From this assignment, I went on to design the Power Distribution System for the Skylab program. After that, I was assigned to work on classified Air Force Space Systems. This assignment required me to move to Sunnyvale, California, where the Air Force Satellites were monitored and controlled. During this assignment, I needed to go to Vandenberg Air Force Base where the missiles were launched. While at Vandenberg, I had a day off, and drove to North Hollywood where Cuemaker Bert Schrager lived. I needed a new ferrule on my cue, and he agreed to do the job for me. While watching him work, the old "I gotta do that someday" feeling came over me. I watched him trim the ferrule on a Metal Lathe. This was a machine that I had never been around, and is perfect for cuemaking. When Bert showed me around his shop, I saw many machines that put most of the pieces of puzzle together for me. I now knew that I would DEFINITELY do this someday. "Someday" was still over 10 years away, however.

In 1982, McDonnell Douglas had a contract to support NASA in Houston, Texas. We provided the technical assistance to the Space Shuttle program by developing the flight plans, flight trajectory studies, orbital studies, and training the astronauts to perform all the functions associated with flying the Shuttle and operating the Payloads & Experiments.

In November, 1982, NASA was preparing to launch the first in a series of classified military payloads on the Space Shuttle. Since I had the background that NASA needed, I was asked by McDonnell Douglas to transfer there and support the program, which I did.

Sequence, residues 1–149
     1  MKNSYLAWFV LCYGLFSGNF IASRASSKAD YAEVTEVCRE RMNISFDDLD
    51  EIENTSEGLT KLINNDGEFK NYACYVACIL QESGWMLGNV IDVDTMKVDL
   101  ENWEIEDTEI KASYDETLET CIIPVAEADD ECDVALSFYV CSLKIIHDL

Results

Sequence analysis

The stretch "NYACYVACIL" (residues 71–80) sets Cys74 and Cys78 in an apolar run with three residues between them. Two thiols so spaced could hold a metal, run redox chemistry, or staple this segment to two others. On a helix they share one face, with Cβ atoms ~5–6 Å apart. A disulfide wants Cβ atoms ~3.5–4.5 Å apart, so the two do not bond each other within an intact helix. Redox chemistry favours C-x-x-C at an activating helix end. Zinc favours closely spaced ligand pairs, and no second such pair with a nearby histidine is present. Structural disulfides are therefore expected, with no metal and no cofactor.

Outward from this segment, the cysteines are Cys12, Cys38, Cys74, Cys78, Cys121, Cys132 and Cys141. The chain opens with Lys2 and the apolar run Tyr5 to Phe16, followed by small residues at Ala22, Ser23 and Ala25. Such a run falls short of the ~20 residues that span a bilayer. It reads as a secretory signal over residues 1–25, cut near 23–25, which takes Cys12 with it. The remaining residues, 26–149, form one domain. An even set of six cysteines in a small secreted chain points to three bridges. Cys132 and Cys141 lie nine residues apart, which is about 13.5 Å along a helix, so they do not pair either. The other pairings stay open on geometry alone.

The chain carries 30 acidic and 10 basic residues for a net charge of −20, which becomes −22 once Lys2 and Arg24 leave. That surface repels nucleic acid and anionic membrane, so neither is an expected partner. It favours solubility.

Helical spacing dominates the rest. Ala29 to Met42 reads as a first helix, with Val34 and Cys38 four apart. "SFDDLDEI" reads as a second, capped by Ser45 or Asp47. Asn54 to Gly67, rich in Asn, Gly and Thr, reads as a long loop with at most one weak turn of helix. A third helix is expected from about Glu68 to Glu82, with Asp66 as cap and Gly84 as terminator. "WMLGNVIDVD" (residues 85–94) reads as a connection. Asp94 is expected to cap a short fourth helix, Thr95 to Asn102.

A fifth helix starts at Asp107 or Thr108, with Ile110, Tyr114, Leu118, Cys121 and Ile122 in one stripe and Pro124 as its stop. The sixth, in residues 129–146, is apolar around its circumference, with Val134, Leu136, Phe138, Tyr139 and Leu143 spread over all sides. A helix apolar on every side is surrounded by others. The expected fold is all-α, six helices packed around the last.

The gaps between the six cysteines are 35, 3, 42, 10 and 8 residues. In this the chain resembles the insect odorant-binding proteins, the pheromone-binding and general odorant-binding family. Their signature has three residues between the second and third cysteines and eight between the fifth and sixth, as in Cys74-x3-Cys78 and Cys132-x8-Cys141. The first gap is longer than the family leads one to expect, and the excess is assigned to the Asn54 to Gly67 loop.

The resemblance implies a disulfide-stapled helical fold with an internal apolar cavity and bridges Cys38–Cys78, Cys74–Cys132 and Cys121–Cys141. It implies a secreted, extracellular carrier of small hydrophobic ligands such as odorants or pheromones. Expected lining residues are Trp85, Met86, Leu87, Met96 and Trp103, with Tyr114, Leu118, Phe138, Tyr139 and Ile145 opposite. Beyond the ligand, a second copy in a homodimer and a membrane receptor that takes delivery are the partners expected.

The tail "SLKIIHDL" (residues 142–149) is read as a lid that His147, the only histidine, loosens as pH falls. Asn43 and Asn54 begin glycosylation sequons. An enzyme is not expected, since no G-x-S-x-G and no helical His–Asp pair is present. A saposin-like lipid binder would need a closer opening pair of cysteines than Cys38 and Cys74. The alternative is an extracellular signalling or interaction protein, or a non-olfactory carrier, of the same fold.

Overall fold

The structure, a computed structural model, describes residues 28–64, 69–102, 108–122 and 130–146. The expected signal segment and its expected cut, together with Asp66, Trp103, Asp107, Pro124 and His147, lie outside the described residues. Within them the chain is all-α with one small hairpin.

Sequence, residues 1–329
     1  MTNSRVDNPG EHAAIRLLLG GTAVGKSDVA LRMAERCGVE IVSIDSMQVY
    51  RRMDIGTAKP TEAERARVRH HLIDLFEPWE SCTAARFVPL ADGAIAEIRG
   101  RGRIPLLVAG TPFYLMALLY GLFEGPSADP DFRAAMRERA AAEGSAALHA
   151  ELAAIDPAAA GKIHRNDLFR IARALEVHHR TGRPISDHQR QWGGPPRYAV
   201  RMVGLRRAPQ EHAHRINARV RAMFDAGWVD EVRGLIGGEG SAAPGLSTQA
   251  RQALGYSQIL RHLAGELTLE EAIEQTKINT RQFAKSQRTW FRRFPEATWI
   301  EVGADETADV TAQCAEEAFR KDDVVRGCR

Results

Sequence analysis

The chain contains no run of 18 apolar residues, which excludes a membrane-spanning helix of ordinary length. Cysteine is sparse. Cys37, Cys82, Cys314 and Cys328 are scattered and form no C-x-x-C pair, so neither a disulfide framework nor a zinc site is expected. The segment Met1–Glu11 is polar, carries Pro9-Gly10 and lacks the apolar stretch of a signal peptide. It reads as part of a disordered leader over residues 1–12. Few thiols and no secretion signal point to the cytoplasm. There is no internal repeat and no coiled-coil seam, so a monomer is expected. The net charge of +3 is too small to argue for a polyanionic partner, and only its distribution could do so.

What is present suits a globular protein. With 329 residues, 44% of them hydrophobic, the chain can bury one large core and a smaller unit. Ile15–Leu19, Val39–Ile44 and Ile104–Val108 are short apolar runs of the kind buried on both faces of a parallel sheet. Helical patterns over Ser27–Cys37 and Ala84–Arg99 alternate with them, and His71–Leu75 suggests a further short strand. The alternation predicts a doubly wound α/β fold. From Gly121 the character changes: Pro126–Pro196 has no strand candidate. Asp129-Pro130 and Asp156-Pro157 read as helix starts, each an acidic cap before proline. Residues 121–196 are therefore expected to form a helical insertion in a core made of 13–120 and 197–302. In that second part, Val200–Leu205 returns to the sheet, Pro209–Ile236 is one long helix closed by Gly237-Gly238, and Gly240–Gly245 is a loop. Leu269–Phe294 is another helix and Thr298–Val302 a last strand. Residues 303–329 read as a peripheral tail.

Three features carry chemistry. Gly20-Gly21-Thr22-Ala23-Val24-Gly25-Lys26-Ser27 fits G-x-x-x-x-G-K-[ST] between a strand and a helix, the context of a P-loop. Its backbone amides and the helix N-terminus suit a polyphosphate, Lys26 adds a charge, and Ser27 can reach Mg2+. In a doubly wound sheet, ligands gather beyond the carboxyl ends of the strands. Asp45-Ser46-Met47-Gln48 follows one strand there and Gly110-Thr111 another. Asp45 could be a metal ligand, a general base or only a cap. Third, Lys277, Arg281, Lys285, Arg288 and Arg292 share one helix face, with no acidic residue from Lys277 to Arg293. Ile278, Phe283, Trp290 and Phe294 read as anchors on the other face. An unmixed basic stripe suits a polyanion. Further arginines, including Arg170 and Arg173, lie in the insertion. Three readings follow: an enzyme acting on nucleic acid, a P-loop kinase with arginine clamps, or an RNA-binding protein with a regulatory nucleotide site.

My dream of making cues was still alive, but after looking into it further, I realized that it was much more complicated than just putting the pieces together. Wood has to be properly aged, turned down in stages to relief the internal stresses, and sealed properly to prevent it from warping. The right type of glues had to be used. If you use the wrong glue on certain woods, the cue won't hold up. It will develop buzzes and rattles. There was also the problem of finding good sources for wood and other materials. I finally made a decision. I set a goal of being able to make a cue that a pro player would buy and play with by the time that I could retire from McDonnell Douglas. This was 9 years away. I figured it would provide me with a good retirement income. It also meant that I could work for weeks on a cue and if it didn't turn out right, I would not really lose anything when I had to throw it away, which happened more times than I want to think about. I had a local pro player playing with one of my cues within one year, 8 years ahead of schedule. From there, I experimented with more and more complicated designs, pushing myself to perfect my techniques, and to develop new ones.

In July, 1994, I was elected President of the American Cuemaker's Association. In August, 1997, I moved back to the St. Louis area, which is where I consider home. I began setting up my shop when my old boss from McDonnell Douglas (now Boeing) contacted me. He said he had a great job for me. I told him I already had a good job, but he convinced me to come out for an interview where he offered me a position that I just couldn't turn down. So, for the present, I am working 8-4:30 at Boeing, and then from 5-10PM at my shop. I also work about 10 hours every Saturday and Sunday making cues. I have two jobs that I love, and couldn't be happier. In October, 1997, I stepped down as President of the ACA due to the demanding schedule of working two full time jobs. In June, 1998, I was elected to the Board of Directors of the ACA. I plan to retire from Boeing within the next 2 years, and become a full time cuemaker once again.